fruit of a given expenditure of labor and capital and affords a profit

which, as we shall see, comes first to entrepreneurs and later to

laborers and capitalists within the pale. Ultimately, those living

beyond the pale will get a share of this gain.

Summary of Facts concerning the Economic Center

We may, then,

regard a certain limited part of the world as a society in itself. It

is modified by its environment, but, in an important sense, it has a

self-contained life. The economic changes which go on within it can be

grouped under the five generic heads: increase in the amount of labor,

increase in the quantity of capital, improvement of method,

improvement in organization, and changes in the wants of the

individual consumers.

The Geographical Boundaries of Society not Fixed

The boundaries of

this central area are not fixed. As relations between the center and

the part of the outer zone which is nearest to it become more and more

intimate, the adjacent region takes on the character of the center. It

is, in an economic way, assimilated to it; and in this way the center

may be regarded as annexing to itself belt after belt of the

environing world. Ultimately it will doubtless annex the whole of it;

and for this reason, even though we confine our studies to the

center, we shall establish a system of economic laws which will apply,

in the end, to all the world. This indeed is not the only way in which

the economic life of the outer area comes into the economist's

purview, for he can study it for itself. This zone has its peculiar

life, which is a distant reflection of the life of the center. It is a

type of economic activity in which all the primary forces work, but in

which friction abounds and adjustments are made with extreme slowness.

For the present, what interests us is the life of the center itself,

and in studying this we take account of the influence of the

environment. The effects of these influences are first seen in changes

in the rate at which the five general dynamic movements go on within

the center. The grand resultant is more rapid progress within the


What is involved in a Full Study of the Relative Density of


A full treatment of the subject of the comparative

density of population in different places would include an extended

study of the kinds of industry which find their natural homes in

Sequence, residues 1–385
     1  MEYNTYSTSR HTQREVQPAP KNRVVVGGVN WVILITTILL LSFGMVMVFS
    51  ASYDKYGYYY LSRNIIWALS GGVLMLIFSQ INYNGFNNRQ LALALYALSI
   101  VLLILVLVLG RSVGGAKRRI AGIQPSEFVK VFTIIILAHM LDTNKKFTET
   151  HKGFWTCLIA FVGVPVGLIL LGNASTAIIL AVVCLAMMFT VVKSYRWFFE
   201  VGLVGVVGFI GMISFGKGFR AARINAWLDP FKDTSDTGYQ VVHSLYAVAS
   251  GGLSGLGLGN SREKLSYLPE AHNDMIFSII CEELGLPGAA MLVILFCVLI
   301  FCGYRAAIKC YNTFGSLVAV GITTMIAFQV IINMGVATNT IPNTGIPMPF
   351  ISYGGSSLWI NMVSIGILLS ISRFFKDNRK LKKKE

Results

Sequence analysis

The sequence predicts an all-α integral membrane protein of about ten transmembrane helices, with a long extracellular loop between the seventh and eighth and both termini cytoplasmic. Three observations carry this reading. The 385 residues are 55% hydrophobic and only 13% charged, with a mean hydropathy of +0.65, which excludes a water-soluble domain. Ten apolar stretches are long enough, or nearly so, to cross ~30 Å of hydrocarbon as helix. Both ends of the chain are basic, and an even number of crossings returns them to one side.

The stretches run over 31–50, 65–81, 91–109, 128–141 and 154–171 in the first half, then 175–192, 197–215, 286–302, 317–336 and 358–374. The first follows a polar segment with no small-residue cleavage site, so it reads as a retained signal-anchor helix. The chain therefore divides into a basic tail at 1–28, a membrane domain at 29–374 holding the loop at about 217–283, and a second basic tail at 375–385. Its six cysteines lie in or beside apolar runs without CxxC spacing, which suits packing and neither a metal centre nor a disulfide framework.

densely peopled countries and of those which flourish in sparsely

peopled ones, and a much more detailed tracing than it is possible

here to undertake of those changes in the character of industries

everywhere which result from a leveling out of differences in

population. Clearly, if all America were to become as crowded with

inhabitants as are Holland and Belgium we should develop industries of

a different type from those that we now have, and the change would be

in the direction of producing relatively more form utilities and

relatively less of the elementary utilities. Labor and capital would

move from the subgroups which in our table we have called A, B,

and C toward A''', B''', and C'''. We should spend more of our

energy in making finished goods and less in getting raw materials. I

shall note in a very general way the changes in social industry caused

by increase of population without looking forward to that remote time

when the density of population shall be equalized.

Why an Approximately Static Adjustment of Industries within the

Central Area permits Unequal Density of Population in Different Parts

of It

We exclude from view the ultimate static adjustment of the

whole world, and content ourselves with an approximate adjustment

within society as we have defined it. Even within this limit there are

inequalities in the density of population which it would require a

very long time to remove, and a perfectly static state cannot be

reached till they are leveled out. The selection of industries in

Texas and in Belgium cannot be, in the ultimate sense, natural till

population in these two regions is so adjusted that there is no longer

an economic motive for migrating from the one to the other. If, in

order to determine what an absolutely static condition for the central

society would be, we were to apply the rule of imagining all new

dynamic influences precluded and of allowing time enough to elapse to

bring about a normal apportionment of population within that limited

area, we should encounter a measure of the same difficulty which

confronted us when we proposed to attain a similar static state for

the entire world, though the trouble would be less serious in degree.

In waiting long enough for population to distribute itself naturally,

we cut off influences that, within that period, will affect

production and distribution far more than the change in population

will affect them. In so far as Texas or any newly occupied region is

concerned, the changes thus precluded are those which would have

tended to reverse the effect of the redistribution of population.

Migrations from Belgium to Texas, if extensive and long continued,

would reduce the productive power of labor in Texas; while the dynamic

changes which will actually go on within any such period will increase

the productive power of that labor, and it is not certain whether the

one or the other influence will predominate. For the United States as

a whole it is probable that progress in the useful arts will more than

offset the influx of new laborers and give to wages a rising trend.

If, however, we establish the natural standard of wages by cutting off

such progress and letting the influx of labor continue, the test would

give a standard lower than the present one,--a false, as well as a

discouraging result. The resultant of all the changes we are about to

study will probably give to the future pay of labor in America a

rising trend.

How Industries adapt themselves to Unequal Density of


In view of this fact it is necessary to recognize a

proximate rather than an ultimate static state as that toward which

the adjustments now going on are immediately tending. We will treat